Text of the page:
Data Intelligence Systems
Mapping future data intelligence systems for agriculture
Many data scientists and businesses consider data as the “new currency” for which future innovations in agriculture will be built. Having data is one thing, but how can one put a $ value on data without knowing how it may or may not used for developing future data solutions.
From an IP perspective no intellectual property rights exist over raw factual data. Some could argue then that it is free for all to use, others say not. Irrespective of your view of monetising data, when developing innovations in digital agriculture the key is to assess what data is needed and the value of one dataset over another. Therefore, one way to assess the value of data is to understand how it is used to drive new innovations in data intelligence.
Key datasets that may be used in precision ag
One problem is that a vast array of data is collected across agriculture. This includes weather data, soil, agricultural farm, crop and agricultural machine data etc… . How best then can such data be considered when developing solutions to specific problems or in the development of decision support tools for growers.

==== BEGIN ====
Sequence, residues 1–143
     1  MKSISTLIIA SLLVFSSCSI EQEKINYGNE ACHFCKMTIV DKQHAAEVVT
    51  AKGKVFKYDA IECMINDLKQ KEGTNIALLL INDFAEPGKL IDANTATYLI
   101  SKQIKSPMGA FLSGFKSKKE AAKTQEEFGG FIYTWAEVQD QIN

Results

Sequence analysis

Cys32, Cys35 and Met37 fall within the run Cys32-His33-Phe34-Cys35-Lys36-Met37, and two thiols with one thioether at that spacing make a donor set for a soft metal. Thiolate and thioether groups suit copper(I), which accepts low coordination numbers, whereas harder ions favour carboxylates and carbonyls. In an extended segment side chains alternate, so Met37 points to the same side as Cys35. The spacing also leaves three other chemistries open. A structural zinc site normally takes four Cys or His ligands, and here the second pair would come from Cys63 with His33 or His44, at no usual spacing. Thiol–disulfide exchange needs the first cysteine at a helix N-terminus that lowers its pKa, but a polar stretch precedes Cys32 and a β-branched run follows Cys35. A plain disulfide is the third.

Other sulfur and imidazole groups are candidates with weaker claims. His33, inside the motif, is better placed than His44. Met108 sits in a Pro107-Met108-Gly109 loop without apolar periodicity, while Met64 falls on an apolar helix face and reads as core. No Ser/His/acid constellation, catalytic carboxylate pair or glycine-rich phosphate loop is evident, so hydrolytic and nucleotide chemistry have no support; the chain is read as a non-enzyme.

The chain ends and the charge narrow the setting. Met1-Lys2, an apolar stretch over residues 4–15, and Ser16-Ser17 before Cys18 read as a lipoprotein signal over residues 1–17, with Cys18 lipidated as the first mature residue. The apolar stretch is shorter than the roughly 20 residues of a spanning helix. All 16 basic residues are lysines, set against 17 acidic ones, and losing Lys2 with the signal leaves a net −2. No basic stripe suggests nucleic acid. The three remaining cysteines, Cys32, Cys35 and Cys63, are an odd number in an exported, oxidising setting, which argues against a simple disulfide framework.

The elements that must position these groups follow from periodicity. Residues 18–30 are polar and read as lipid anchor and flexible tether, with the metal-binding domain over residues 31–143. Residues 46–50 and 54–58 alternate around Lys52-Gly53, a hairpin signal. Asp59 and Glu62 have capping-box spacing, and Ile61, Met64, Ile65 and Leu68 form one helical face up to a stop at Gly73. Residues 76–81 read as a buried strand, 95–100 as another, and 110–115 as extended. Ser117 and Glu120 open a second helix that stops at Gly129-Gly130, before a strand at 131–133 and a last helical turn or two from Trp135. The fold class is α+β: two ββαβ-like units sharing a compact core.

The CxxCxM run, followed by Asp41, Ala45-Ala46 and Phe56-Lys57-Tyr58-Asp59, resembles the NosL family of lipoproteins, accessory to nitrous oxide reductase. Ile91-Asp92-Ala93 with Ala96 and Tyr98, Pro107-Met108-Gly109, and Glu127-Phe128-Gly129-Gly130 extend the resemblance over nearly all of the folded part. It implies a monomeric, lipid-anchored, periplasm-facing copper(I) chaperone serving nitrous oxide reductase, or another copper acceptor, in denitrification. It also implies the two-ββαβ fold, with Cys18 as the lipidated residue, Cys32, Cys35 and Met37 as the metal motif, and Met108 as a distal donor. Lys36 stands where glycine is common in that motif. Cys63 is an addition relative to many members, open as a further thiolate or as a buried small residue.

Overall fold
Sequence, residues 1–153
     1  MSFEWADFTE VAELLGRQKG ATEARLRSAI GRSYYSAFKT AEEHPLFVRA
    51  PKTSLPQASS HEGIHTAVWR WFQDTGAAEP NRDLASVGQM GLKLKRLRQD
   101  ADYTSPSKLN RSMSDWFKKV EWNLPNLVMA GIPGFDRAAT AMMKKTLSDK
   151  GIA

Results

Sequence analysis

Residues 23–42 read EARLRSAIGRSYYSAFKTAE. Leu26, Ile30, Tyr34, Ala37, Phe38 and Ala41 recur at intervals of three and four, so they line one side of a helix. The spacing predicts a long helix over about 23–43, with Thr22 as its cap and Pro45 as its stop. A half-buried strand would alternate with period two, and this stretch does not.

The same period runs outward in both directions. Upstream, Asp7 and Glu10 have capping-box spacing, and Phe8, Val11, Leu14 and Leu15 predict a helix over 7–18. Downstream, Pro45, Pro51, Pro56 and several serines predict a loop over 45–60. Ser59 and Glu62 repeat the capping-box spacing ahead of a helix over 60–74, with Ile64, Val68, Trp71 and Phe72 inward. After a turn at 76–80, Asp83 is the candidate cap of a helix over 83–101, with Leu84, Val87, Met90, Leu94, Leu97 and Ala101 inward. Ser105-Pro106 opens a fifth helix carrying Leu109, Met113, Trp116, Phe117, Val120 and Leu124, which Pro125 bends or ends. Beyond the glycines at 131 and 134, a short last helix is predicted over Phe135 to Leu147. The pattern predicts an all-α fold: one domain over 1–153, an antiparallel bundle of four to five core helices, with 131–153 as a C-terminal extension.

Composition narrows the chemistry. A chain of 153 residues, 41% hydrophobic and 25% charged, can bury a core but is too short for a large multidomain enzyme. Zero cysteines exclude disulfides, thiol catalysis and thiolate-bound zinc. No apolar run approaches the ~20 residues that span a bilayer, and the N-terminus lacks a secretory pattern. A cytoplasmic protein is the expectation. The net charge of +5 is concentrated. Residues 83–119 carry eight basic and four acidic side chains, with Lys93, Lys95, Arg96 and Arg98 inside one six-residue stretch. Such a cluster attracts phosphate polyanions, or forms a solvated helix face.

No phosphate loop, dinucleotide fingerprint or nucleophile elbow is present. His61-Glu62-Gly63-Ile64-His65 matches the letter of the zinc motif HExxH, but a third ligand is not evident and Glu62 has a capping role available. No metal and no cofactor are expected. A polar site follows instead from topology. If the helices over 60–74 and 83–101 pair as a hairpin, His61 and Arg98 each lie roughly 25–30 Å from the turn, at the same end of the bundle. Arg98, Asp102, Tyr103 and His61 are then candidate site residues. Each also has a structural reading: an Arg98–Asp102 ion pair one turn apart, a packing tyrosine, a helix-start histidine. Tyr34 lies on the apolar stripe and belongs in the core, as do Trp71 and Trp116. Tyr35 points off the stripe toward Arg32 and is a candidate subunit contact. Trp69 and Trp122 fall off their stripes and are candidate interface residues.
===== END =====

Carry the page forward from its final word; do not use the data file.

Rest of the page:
Mapping data and in particular, the association between datasets can be used to identify what data is needed and those datasets that may have a higher value than other datasets. This obviously varies depending on the problem to be targeted and the solution one aims to develop.
The diagram linked to the post provides one example of how key datasets are used in driving digital transformation and modeling in precision agriculture. The image has been expanded below to show the different datasets used in driving a digital model for crop yield and value prediction. It was developed from analysis of the IP landscape for “Agriculture data intelligence and crop yield”.
In the diagram, the lines show linkage between datasets while the intensity or thickness of the lines indicate the strength or value of data used in developing the final solution. The location of one dataset to other and its color show how datasets may exist as core groups.
It can be seen that specific agronomic; crop growth data (red data group); and soil data (green data group) form key datasets used for digital modelling of crop yield (blue data group). This may be complemented by historical data and weather data used for developing final crop yield value predictions (yield value), which is a key desired outcome or decision tool to be used by growers.
At IP Active we used these methods to help clients understand the importance of selected datasets as well as insights into how others use data when developing digital solutions for agriculture. www.ipactive.com.au